A digital signature is a type of electronic signature that creates a virtual fingerprint that is distinct to individuals during a transaction. This can then be used to verify the authenticity of the signed record through public-key cryptography and encryption/decryption technology.

While digital signatures do not capture the intent of the signer, it can be beneficial to use in addition to an electronic signature app to add more comprehensive security to the data and transaction overall.

4. How difficult are e-signatures to trace?

Secure electronic signature solutions should be able to authenticate users prior to e-signing and tie that authentication to the e-signature and the e-signed document.

As such, multi-authentication methods can have the flexibility to configure in the same transaction, while fitting the risk profile of the organization. The digital audit trail of each transaction can make it easier than ever to trace signatures and documents from point A to point B.

5. Do e-signatures on complex financial agreements remove the human interaction and customer service element?

No. One of the key benefits of e-signatures is that they enhance the customer experience. Although it is undeniable that emerging technologies like artificial intelligence (AI) improve the capabilities of online banking and transactions, it does not eliminate the need for human interaction. The human element is still a vital part of financial services – particularly for loans, investment management, and mortgage agreements. Banks and financial institutions are now integrating solutions that offer virtualized human-assistance to deliver secure, video-enabled customer interactions to guide customers through complex, multi-step financial agreements.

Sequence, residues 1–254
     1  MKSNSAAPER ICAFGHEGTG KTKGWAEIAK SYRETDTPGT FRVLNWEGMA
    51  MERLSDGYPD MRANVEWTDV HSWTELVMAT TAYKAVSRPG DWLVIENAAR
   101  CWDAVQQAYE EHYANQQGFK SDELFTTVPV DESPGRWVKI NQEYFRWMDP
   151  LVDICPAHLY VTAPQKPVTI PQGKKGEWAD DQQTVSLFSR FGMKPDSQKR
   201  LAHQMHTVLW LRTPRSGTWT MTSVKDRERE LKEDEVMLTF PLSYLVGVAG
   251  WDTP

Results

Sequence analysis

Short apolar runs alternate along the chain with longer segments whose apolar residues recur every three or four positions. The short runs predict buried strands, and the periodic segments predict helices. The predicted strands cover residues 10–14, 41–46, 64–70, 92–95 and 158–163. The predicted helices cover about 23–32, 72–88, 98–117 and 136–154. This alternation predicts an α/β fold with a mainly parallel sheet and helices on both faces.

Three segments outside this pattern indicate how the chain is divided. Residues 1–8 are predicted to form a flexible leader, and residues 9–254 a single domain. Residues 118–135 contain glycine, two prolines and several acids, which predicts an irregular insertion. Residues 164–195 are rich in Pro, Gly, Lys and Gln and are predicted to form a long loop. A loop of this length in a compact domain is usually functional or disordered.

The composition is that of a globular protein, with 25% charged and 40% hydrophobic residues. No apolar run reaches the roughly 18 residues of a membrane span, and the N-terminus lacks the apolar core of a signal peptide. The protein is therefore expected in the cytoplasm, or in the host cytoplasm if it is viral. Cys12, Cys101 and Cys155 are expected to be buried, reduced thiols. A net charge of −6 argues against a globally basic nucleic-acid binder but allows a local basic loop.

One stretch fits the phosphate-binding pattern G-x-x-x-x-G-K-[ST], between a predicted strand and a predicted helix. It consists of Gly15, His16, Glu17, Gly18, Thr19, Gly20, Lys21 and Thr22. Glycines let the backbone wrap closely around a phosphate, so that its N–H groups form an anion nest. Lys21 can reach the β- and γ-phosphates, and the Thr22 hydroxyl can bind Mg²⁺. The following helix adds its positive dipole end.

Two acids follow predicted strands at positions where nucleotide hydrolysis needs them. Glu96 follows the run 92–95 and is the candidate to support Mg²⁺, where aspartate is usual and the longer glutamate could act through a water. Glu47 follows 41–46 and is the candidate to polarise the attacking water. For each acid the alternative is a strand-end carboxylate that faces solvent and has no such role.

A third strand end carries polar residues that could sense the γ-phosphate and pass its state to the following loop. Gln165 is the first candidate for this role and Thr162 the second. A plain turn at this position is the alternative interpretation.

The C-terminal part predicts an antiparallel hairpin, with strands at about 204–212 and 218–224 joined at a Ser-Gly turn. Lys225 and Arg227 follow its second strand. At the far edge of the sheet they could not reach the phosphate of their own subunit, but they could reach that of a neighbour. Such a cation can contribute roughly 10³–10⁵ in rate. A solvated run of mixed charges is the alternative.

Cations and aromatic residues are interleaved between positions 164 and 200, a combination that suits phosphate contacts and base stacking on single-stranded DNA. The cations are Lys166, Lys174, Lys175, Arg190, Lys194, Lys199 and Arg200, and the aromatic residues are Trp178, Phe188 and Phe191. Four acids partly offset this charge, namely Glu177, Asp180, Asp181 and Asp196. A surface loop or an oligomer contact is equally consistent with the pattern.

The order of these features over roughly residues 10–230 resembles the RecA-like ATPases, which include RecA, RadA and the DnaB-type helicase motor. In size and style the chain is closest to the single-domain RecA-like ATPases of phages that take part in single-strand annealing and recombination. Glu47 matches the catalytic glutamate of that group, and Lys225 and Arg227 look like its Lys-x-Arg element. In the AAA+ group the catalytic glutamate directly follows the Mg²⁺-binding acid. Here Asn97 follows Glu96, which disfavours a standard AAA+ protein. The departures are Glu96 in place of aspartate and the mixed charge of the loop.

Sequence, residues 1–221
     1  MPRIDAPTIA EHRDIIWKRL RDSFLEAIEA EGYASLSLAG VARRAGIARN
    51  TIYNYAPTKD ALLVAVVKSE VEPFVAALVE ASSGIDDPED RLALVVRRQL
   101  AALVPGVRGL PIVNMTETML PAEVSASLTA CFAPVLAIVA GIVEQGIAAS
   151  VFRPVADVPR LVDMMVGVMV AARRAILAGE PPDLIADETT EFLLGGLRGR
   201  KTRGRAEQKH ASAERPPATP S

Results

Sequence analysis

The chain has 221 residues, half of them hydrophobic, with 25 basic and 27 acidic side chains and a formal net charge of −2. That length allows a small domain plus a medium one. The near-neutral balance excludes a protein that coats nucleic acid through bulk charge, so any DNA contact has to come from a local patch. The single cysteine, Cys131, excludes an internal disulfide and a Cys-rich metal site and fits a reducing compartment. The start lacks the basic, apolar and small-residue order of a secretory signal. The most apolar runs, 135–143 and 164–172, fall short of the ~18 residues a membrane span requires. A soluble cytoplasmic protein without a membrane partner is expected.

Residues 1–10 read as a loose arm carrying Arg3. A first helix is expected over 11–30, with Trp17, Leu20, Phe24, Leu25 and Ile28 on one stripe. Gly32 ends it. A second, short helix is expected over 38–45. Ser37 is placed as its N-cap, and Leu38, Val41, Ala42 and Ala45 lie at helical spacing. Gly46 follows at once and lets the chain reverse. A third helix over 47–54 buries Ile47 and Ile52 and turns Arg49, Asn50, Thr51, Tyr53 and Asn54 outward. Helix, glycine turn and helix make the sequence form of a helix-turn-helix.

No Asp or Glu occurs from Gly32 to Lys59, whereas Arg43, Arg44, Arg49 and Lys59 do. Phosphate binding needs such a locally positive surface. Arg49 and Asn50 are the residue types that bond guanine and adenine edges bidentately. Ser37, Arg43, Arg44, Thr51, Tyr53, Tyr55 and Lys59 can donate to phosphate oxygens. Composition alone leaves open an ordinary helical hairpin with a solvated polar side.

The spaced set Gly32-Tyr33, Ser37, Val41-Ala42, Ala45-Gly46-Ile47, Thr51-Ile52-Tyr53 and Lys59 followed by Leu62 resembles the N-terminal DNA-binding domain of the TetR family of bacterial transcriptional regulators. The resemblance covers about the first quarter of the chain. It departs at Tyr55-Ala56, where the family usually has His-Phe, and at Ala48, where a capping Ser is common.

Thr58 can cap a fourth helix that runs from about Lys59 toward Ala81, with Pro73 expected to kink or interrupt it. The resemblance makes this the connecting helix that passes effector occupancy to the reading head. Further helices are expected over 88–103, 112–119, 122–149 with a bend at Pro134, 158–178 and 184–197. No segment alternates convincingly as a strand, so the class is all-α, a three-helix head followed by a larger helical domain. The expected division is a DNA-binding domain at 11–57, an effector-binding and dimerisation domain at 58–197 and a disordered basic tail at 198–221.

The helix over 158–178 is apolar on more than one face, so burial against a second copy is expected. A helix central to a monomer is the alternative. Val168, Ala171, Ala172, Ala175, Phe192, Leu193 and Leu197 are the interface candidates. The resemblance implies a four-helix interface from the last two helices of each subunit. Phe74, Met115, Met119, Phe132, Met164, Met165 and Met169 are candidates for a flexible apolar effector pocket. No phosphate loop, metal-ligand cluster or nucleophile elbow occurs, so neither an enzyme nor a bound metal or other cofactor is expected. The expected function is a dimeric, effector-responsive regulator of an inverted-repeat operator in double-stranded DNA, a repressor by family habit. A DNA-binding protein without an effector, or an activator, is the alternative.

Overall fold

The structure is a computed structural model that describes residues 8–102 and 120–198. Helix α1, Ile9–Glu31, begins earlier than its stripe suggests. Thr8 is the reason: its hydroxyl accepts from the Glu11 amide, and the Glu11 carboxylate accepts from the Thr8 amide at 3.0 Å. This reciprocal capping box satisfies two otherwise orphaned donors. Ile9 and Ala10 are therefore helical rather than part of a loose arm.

Collaboration features and web-enabled video conferencing can now be built into the e-signature process to make it easy, convenient, and secure for customers to complete key financial agreement processes online, while still receiving an optimal user experience. By adding the human element back into complicated and complex financial agreement processes, e-signature technologies can ensure secure and interactive experiences between financial services providers and their customers.

More and more businesses are adopting e-signature technology to meet the demands of customers in today’s digital-first world. E-signatures can provide the optimal user experience from any geographic location with the ability to interact with customers virtually, driving the rate of document completion, convenience, and speed. At the same time, this technology enables the required level of transparency, efficiency, and security for all transactions that a pen on paper simply cannot beat.

Electronic Signature

The Beginner's Guide to Electronic Signatures

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This blog, written by Sameer Hajarnis, E-Signature Practice Leader at OneSpan, was first published on BAI.org on September 17, 2021.

Sameer is an e-signature practice leader with OneSpan and has over two decades of experience in enterprise software and SaaS companies. He leads a team of sales professionals helping customers digitize e-Signature and ID verification workflows.